Kind regards,
    Mike

  • Comment number 41.

    Ian, thans for finally acknowledging that you failed to convince us. Maybe, you could look at your strategy and change that, than try to change us.

    I am not change averse, but I just do not want to click at least 4 times to see science, food, economy and music.

  • Comment number 42.

    Dear Ian,

    I am confused by the mix messages?

    "Our job now is to look at the widest range of evidence about how it is being used, by whom, and respond accordingly. I think we have to acknowledge, too, that people's reactions to change alter over time."

    1. "Our job NOW is to look" - what was your job before? To randomly guess? What are the widest range of evidence? Is over 2000 negative posts in 10 days not enough?

    2. "people's reactions to change alter over time." So If do not like it now I will like it in the future.....but if I do like it now I hate it in the future.

    3. "meticulous in our research and testing before launch"....why are so many people reporting issues and there is ongoing testing? James himself admits that the homepage is not finished? How can you use the word meticulous when this is not supported by other staff within the BBC.

    Ian, to be frank, you have dropped the ball. I won't mind put it wasn't your ball to drop, it's not even your game. You were meant to be the referee - the one that insures everyone else is having a good game. Stop looking inward and patting each other on the back and start to change! After all if you expect my reaction to change with time I surely can expect your reaction to change too!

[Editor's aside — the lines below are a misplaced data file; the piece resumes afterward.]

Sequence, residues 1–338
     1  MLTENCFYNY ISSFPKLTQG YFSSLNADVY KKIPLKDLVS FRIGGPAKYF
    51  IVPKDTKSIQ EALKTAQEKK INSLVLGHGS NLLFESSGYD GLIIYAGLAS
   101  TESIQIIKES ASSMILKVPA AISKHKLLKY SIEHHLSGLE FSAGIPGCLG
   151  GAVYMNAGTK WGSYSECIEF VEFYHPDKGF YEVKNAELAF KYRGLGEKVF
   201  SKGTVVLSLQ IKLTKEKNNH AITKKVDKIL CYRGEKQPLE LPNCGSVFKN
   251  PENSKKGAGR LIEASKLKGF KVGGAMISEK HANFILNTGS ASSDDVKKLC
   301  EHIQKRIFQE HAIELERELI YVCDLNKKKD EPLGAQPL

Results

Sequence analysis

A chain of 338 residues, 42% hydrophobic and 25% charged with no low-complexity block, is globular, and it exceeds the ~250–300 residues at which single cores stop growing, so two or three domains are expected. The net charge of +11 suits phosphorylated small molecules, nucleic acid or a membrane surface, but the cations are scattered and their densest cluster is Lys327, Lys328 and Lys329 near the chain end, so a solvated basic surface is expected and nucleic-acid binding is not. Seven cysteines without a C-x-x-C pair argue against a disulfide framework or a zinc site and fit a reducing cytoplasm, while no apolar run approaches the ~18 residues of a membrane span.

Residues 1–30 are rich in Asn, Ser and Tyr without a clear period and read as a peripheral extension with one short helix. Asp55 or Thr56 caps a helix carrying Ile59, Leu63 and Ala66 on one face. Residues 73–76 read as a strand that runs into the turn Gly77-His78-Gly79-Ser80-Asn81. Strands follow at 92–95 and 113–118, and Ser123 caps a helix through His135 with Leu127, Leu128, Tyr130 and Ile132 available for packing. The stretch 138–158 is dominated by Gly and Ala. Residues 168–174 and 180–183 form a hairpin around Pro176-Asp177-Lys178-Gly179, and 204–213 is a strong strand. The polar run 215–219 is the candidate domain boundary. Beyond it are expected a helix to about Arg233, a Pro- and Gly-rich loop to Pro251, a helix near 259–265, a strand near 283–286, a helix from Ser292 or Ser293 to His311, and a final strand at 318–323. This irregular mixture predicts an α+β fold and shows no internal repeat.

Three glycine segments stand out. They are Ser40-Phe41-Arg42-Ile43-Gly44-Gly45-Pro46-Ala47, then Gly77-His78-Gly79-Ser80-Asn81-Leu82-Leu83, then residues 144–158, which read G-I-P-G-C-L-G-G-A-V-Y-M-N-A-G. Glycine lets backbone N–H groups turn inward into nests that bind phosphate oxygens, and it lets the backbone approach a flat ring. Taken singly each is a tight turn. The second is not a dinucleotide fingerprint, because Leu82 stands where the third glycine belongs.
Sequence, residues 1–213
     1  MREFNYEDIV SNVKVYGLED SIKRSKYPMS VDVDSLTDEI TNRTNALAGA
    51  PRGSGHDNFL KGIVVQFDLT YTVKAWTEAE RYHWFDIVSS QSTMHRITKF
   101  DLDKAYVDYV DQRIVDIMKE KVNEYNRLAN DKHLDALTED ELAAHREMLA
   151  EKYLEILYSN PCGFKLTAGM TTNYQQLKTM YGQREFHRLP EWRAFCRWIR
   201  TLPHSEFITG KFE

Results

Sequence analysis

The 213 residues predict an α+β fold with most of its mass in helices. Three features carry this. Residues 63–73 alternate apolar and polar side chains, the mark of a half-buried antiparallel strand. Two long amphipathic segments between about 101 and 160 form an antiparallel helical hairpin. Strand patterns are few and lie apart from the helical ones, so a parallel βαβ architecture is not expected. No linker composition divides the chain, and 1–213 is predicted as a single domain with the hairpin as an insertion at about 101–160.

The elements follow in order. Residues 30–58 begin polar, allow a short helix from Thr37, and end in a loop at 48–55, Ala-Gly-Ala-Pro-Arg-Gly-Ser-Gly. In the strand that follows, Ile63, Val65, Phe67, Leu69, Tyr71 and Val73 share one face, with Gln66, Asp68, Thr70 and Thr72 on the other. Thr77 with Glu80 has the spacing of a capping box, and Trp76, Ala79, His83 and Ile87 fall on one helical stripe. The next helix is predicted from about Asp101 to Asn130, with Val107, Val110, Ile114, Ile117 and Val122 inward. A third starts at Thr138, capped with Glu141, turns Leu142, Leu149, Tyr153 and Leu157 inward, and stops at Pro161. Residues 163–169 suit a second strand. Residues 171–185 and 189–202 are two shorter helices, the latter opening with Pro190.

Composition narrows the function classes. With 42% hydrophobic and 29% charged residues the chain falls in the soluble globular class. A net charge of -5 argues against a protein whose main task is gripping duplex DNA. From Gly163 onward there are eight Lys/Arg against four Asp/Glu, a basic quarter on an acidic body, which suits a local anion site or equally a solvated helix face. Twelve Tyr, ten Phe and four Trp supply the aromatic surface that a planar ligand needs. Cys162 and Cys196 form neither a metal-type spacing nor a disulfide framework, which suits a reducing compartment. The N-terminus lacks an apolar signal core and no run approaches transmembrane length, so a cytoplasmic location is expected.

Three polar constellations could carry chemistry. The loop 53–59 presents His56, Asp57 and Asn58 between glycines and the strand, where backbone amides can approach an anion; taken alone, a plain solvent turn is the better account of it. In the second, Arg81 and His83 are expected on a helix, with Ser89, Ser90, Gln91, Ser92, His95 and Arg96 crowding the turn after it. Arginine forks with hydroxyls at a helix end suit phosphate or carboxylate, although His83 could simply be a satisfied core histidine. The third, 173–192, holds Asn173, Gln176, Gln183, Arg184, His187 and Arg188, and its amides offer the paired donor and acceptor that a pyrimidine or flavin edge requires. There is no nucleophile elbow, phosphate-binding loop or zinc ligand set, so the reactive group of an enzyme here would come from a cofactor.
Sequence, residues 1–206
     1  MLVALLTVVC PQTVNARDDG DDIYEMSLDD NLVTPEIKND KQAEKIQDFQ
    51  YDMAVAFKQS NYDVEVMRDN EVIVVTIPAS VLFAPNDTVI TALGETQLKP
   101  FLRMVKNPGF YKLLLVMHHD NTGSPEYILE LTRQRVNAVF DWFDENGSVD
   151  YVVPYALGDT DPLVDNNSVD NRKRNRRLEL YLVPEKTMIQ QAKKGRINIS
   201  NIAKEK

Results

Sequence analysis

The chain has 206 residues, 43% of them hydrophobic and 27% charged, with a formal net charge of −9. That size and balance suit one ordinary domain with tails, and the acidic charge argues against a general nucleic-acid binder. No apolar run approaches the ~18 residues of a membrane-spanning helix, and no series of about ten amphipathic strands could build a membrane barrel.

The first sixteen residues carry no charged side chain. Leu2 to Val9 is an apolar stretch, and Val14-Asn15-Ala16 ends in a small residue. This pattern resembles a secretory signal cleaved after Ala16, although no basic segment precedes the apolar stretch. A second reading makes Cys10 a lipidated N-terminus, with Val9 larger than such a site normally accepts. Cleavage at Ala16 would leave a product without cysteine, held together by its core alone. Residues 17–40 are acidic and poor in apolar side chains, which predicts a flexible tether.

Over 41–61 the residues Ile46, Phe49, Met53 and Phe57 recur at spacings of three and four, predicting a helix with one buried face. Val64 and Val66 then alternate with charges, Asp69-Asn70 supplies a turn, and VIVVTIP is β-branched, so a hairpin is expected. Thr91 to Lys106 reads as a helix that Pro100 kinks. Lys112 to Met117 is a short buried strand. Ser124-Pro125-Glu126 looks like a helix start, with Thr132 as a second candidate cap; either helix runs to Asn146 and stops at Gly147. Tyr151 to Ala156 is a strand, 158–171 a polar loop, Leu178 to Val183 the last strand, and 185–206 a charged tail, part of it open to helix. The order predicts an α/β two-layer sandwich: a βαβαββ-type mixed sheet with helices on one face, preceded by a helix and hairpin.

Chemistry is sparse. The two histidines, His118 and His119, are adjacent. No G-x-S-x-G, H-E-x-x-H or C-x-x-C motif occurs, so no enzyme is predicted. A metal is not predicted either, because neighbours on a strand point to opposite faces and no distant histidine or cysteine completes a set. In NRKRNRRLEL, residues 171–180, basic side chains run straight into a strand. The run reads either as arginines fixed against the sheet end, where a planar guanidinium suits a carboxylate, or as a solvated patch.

Hugs and kisses

    Marcus 1972

  • Comment number 43.

    How do online comments like this from a Web Design and Development company gel with your statement that you were meticulous with your research and testing?

    "The new BBC homepage got launched the other day. First impressions? Awful. Hideous.
    A significant lack of colour makes the page feel clinical, gone are the nice red's from the old version of the design.
    The elements within the scrolling feature block are such a mishmash of sizes it makes it incredibly difficult to concentrate on any particular item. A massive usability turnoff for me."
    ( http://www.designthatfits.co.uk/news/19/65/New-BBC-Homepage )

    Or this from a Social Commerce Specialist

    "In the process, we have lost a significant part of the former’s information overview - there are actually far fewer items of content displayed on the screen at any one time, and in a harder-to-read format."
    "It’s pretty for sure, and zippy to use, but in terms of information retrieval / transparency / discoverability and reproducability it all leaves you feeling somewhat underwhelmed - a typical triumph of style over substance."
    "There are some nice features, and the overall navigation is slick and effortless, it’s just that we have lost too much of the utility and depth of the former version. This is very much a case of 1 step forward, but 2 steps back..."